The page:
Over in Germany, the country is still dealing with the slow end of what the AP is calling "the deadliest outbreak of E. coli ever" — 37 people have died during the epidemic, which everyone now knows was caused by vegetable sprouts. But it's only 37 people, right? The population of Germany is like 80 million people! So 37 people is a figure that's, like, whatever. And one of the people who died was Swedish, so that makes it count even less! Why is everyone all in a tizzy about food safety when even the most tainted food only kills .0000000463 percent of a country's population?
This is what Peter Coclanis — professor and director of the Global Research Institute at the University of North Carolina — wants to know! In an op-ed piece in The Wall Street Journal, Coclanis laments the existence of "raging critics of 'industrial agriculture,' 'factory farms' and our 'lax' regulatory regime." Looking at last year's egg-related salmonella outbreak, Coclanis points out that while 1,939 people got sick during the outbreak, not one person died because of it. He goes on to point out that "eight people a day, on average, die from ingesting 'bad' food — mostly the very old, the very young, and people with severely compromised immune systems." Only eight people! And they're basically all old or young or sick anyway!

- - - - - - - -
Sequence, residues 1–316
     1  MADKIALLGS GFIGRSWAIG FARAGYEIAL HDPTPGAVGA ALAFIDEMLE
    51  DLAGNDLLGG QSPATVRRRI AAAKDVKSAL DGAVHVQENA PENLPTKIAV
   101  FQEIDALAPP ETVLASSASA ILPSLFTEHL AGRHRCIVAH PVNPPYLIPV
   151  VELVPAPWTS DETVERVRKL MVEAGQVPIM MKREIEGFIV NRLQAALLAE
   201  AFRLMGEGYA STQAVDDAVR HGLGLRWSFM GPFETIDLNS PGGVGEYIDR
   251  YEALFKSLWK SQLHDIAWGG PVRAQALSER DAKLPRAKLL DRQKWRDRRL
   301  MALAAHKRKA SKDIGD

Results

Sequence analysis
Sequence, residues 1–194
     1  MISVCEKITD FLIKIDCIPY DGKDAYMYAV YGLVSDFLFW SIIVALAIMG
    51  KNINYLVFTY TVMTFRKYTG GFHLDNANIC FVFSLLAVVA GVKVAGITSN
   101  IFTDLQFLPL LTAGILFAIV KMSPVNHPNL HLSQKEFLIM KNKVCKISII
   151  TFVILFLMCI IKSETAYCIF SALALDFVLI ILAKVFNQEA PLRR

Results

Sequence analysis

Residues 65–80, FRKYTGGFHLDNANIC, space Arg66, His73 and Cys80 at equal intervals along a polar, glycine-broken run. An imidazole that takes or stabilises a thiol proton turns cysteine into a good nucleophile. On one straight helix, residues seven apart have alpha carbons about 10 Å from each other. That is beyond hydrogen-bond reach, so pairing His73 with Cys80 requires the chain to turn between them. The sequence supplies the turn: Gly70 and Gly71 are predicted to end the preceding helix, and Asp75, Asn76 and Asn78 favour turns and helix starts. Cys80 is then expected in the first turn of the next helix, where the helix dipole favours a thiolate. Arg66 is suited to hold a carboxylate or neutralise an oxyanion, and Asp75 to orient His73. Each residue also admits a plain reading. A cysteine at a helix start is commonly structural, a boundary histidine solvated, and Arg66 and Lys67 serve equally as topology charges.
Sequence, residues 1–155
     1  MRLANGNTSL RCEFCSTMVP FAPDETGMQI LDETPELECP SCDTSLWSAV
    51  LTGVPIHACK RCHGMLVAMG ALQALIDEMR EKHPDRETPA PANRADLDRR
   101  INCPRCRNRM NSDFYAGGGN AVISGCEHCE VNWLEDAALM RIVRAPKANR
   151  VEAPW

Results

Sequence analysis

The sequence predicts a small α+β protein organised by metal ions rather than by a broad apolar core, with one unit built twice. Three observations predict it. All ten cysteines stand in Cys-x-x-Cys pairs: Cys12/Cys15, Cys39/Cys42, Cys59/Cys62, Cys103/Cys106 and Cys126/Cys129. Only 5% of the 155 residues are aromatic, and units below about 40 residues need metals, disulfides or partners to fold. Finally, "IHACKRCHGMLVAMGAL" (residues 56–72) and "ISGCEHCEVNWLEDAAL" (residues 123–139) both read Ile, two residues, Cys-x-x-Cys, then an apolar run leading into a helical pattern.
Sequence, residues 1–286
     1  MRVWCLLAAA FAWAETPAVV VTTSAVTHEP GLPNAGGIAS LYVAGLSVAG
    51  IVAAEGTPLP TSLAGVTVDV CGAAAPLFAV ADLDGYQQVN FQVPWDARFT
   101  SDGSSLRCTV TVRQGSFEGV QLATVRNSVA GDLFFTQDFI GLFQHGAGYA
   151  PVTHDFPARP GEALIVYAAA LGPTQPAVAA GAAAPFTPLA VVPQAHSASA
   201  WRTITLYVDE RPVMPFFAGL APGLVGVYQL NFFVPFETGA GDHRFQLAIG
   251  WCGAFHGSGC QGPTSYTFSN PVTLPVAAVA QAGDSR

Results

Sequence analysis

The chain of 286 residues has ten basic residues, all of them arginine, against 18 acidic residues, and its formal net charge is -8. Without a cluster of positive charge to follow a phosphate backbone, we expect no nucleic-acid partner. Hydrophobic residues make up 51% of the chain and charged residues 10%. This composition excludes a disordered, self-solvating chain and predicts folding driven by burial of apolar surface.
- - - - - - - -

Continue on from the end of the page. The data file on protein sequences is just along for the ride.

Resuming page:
So, he concludes, America's food supply is actually very safe and there's no reason for us to freak out every time some industrial eggs make 2,000 people sick, okay? Why should we bother with making our food supply safer when it's already pretty safe?
But Coclanis is missing the larger point about industrial farming and food safety: Many of the processes that make our food safer also make it taste so much worse. Take raw milk, for example. Not only is there that thrill you get from the potential danger of drinking it, it also actually tastes like milk, instead of the vaguely creamy super-pasteurized stuff in supermarkets — safety be damned!